Butterflies. Not exactly what people think of when they think of Goleta. The average person is more likely to picture the beer-swilling, good looking, brilliantly scholastic UCSB student. In spite of this, the two species live in perfect harmony just miles apart for a few months a year in a part of our community that lies largely ignored by students.

Smack in the middle of an Ellwood subdivision is the home of thousands of migrating butterflies on a swath of land protected by the Santa Barbara Land Trust. At a time when most of us are covering up and scurrying indoors to avoid frigid temperatures (right now it’s a bone-chilling 52 degrees outside), thousands of monarch butterflies are taking up residence in the Coronado Butterfly Preserve in Goleta to enjoy our moderate climate for the winter.

As one of the longest-living butterflies (we’re talking months and weeks here, not years), the monarch must migrate in the winter to avoid falling prey to freezing temperatures up north. Groups of them end up spread all over California and Mexico, returning inexplicably to the same places for decades. The generation that currently resides in Ellwood was born in late summer. The insects robust enough to survive to winter might have traveled up to 3,000 miles to roost in the eucalyptus trees over yonder.

The preserve itself is practically in our backyard. If you head north, it’s just off of Hollister, past my favorite Slurpee shop on Coronado Drive. The whole trip itself is an incredibly small commitment as the walk from the curb to the grove where the butterflies roost is just under five minutes. On the day that I went there, I found myself surrounded by dozens of people and hundreds of butterflies flitting around through the air.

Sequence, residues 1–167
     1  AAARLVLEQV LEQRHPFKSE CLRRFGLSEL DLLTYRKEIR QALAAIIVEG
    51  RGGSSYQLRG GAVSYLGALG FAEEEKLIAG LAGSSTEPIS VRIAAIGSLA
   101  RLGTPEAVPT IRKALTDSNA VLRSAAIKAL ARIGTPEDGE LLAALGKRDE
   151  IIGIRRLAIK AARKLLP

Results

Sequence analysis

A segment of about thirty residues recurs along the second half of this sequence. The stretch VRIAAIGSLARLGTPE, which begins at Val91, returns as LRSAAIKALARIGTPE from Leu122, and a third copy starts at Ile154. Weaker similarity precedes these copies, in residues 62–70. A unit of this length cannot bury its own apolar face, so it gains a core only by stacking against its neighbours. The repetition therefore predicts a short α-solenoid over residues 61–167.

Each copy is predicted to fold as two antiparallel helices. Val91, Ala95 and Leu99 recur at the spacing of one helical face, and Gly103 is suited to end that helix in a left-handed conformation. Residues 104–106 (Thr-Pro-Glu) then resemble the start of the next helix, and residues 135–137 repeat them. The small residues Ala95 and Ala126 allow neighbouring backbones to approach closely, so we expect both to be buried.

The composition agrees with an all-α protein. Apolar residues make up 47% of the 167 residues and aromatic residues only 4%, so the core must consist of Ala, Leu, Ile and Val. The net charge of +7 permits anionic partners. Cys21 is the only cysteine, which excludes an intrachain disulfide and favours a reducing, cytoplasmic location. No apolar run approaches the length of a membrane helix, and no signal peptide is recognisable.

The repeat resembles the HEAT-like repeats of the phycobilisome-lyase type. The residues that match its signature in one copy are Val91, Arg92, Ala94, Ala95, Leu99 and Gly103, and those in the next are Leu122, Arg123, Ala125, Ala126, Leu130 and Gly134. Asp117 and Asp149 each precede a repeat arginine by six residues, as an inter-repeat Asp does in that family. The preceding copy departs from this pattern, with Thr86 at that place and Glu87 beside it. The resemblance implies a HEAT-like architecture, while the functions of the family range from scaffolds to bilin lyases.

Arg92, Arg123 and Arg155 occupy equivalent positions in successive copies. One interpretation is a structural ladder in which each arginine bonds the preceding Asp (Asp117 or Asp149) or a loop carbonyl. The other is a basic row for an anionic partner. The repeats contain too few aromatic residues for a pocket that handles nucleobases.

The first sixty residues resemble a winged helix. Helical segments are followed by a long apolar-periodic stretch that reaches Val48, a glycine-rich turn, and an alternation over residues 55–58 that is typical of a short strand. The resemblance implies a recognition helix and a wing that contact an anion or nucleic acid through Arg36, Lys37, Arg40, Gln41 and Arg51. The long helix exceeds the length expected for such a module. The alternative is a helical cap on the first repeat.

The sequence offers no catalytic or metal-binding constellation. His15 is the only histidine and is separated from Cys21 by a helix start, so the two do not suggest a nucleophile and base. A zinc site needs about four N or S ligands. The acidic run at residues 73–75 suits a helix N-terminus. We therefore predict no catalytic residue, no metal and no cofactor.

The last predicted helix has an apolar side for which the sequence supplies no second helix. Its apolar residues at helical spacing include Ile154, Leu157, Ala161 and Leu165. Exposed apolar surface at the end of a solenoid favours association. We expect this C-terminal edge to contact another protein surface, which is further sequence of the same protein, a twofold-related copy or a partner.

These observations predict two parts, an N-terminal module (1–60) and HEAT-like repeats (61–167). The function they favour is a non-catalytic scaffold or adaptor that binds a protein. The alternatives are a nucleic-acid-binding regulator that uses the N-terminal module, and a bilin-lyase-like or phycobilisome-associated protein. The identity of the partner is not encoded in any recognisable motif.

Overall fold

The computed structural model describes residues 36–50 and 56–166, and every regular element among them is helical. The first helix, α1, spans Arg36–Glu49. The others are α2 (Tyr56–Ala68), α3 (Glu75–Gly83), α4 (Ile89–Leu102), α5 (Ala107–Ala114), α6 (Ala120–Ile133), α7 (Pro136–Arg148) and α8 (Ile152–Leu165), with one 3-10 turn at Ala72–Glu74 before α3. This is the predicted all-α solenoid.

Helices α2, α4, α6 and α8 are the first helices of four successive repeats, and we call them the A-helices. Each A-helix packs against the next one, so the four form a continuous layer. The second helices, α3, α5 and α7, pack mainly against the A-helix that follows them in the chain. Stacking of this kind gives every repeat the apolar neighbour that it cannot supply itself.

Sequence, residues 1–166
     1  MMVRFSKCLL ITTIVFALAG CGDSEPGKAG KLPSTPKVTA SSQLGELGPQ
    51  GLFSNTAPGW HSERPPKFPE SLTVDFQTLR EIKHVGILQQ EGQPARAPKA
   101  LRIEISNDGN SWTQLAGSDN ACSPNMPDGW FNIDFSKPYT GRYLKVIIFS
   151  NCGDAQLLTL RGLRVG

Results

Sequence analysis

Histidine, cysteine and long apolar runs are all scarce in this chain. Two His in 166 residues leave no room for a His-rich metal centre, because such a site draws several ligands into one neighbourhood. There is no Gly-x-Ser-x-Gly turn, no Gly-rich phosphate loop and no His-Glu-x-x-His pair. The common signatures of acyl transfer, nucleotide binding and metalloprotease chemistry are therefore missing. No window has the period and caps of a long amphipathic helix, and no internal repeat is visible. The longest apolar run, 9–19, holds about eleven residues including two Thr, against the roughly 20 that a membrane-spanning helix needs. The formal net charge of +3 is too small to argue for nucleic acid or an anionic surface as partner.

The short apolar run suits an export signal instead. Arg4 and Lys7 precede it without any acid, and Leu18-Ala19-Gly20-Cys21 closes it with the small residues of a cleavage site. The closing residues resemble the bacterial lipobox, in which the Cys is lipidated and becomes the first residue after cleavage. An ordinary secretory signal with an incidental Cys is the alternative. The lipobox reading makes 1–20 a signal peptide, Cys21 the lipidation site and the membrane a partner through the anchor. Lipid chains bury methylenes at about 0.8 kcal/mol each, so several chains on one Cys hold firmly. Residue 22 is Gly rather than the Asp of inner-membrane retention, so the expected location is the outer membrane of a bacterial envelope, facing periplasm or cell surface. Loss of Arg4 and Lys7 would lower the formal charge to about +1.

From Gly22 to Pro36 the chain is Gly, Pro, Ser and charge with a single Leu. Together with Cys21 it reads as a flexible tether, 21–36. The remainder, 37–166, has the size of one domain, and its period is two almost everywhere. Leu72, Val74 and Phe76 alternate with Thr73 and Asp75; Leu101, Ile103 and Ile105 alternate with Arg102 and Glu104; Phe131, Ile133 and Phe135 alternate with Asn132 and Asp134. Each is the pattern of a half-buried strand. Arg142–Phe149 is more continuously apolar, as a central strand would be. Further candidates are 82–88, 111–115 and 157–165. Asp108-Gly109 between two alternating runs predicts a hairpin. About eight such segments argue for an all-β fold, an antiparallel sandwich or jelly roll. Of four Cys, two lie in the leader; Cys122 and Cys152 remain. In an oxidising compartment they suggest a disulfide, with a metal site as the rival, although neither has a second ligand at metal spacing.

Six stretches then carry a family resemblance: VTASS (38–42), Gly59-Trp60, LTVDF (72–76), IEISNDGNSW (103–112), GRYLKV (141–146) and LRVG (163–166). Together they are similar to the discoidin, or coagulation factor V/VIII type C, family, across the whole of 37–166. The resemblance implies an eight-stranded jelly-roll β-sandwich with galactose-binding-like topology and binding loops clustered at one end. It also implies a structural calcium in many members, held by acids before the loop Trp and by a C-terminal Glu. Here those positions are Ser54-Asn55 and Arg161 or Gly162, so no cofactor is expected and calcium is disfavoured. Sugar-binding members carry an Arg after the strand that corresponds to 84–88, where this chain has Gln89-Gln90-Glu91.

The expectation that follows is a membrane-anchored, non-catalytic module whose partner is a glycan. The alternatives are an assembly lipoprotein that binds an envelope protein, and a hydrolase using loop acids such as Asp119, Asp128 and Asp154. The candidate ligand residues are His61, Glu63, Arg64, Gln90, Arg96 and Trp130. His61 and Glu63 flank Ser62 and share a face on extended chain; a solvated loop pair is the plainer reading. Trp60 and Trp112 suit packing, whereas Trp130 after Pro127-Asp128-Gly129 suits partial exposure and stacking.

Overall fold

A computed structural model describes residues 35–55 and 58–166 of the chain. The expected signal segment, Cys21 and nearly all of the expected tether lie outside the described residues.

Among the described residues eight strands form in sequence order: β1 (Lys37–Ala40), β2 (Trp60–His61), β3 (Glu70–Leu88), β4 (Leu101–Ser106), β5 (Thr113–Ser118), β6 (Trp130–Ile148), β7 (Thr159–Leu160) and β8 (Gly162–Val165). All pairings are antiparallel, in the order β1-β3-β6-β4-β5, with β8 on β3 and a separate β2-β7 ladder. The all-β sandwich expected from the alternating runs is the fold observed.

Don’t get me wrong, initially I was extremely wary about the whole thing. Butterflies don’t exactly beckon the manliest of images to mind. However, once I got inside the grove I let any shreds of brash masculinity slip through my fingers and succumbed to a fascination as these things zipped along above my head. (After leaving I went and wrestled a grizzly with my bare hands to make up for it. I won.)

The goal for most people when visiting is to glimpse the moment when one of the massive clumps of sleeping butterflies bursts into action as the sun heats them into awareness. Though I didn’t personally witness this phenomenon it was on the minds of everybody present as they stared down the clumps of hundreds of sleeping butterflies suspended on the branches above our heads just waiting for that moment.

The issue with the grove is that the main attraction — the butterflies — only exists there for about another month or so and will be totally gone by the time March rolls around. Because of the brevity of the roosting period, the grove is inundated with watchers stomping around the relatively compact area snapping photos and dragging their kids behind them to get a better look.

To avoid the crowds and get the best opportunity to see one of these “explosions,” I recommend that you make the trip on a weekday, around mid-morning when most people with real lives are at work or hauling their little ones to school. Supposedly this is also the time when the sun hits the roosting insects in an ideal way to stimulate them into excitement. I would discourage you from going on a weekend because the crowds sort of rob you of the fun. While I was there, about 50 people were wandering around the area, although that number doubled when a busload of tourists passed us on the path in. All in all, it’s a nice little distraction from your day, even if it’s just a brief trip. Oh yeah, and the best part? It’s free.

Escape to Coronado Butterfly Preserve:
Price: It’s free, homie!
Distance: 2.9 miles/ 7 minutes